How the heck does this server know what spam is? Your own recipients teach it. When you send an email to your list, and someone on your list thinks it's spam, or doesn't remember opting-in to your list, or if you purchased a list from someone, that person can report you to SpamCop (which was purchased by IronPort in 2003, and is now called "SenderBase"). Get enough SpamCop complaints, and they'll propogate your data to all the IronPort servers around the world, letting everyone know you're a spammer:


Incidentally, your email service provider should be registered at SenderBase, so they can properly investigate every single complaint generated in response to their users' campaigns. At MailChimp, everyone on our staff personally receives copies of any complaints that come in, so we can go suspend the sender's account and investigate immediately.

IronPort is only one of many, many email firewalls, gateways, and security appliances you, as an email marketer, should learn about. Also see:

All of those big, mean, ruthless "gatekeepers" rely on "reputation" scores to block emails before they even get to the content-based spam filters.

So you really want to make sure your reputation is good. How can you do this?

  • Never send spam.
  • Don't buy lists. Don't use lists that other people gave you.
  • Only send to lists of people who know you, and requested emails from you. Otherwise, if you want to get the word out about your company, pick up the phone and call your prospects, or pick up a pen and write them. Or, email them one at a time (see "Definition of spam" and specifically the word "bulk"), from your own email program.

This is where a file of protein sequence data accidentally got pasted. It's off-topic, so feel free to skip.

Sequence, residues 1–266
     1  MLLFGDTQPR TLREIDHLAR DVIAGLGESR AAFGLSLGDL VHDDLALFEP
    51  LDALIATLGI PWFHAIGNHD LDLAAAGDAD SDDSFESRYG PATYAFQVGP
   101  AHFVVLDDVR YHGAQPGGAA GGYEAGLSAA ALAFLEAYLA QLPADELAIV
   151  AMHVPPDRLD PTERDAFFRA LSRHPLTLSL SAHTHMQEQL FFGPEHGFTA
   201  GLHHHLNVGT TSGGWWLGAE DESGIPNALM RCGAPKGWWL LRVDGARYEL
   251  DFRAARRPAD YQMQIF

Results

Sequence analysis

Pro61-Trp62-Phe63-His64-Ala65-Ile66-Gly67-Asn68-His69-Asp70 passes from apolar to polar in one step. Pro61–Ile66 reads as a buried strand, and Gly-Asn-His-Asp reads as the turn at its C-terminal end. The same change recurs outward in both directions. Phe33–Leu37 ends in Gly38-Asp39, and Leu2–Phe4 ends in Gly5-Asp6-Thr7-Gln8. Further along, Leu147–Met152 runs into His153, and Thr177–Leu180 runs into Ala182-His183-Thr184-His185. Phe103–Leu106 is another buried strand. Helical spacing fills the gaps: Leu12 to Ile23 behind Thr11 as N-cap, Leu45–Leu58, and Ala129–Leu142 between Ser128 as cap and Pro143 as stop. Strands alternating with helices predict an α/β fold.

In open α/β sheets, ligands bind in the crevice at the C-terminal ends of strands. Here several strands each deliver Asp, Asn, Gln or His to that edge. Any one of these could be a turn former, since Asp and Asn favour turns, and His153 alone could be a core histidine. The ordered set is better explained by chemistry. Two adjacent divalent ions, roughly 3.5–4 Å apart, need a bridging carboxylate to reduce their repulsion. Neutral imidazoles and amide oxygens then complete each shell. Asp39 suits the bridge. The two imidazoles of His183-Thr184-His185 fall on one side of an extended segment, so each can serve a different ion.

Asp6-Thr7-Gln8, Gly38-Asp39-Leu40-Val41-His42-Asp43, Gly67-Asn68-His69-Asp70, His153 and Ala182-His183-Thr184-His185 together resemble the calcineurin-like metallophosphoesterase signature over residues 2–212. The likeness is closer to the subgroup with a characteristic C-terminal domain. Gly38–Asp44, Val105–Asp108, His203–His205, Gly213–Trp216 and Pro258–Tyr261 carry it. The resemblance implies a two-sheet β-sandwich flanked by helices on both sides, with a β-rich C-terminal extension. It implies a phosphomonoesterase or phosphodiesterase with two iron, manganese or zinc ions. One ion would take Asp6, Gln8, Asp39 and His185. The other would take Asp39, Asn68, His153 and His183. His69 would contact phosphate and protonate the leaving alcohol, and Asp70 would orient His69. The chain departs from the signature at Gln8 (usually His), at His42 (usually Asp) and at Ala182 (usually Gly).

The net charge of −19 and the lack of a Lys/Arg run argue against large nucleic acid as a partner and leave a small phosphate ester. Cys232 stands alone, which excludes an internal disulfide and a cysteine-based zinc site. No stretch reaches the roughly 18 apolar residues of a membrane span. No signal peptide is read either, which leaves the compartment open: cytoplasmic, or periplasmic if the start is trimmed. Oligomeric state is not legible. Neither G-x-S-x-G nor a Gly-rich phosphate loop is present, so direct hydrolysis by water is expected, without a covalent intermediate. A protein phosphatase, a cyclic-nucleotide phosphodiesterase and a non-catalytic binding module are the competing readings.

Assuming you're not sending spam, your email design is a huge factor in getting you blocked by one of these gatekeepers:

  • When you send emails, always include a "How we got your email" reminder. MailChimp's built-in templates include that information for you, with our *|LIST:DESCRIPTION|* tag. This tag is automatically replaced with the survey information that you provide each time you setup a list in MailChimp.
  • Your email designs have to be reputable looking. Get sloppy, and people won't trust your opt-out link, and report you instead. See how one designer got blacklisted from his design.
  • Always include a one-click unsubscribe link in every campaign you send (MailChimp adds this for you when you use our built-in templates. If you use your own designs, we'll give you a code snippet).
  • Haven't contacted your list in a while? Or is this your first campaign? Send an introduction email. Remind them of who you are, or you'll get a big surge in complaints, and wind up on all those ugly blacklists out there.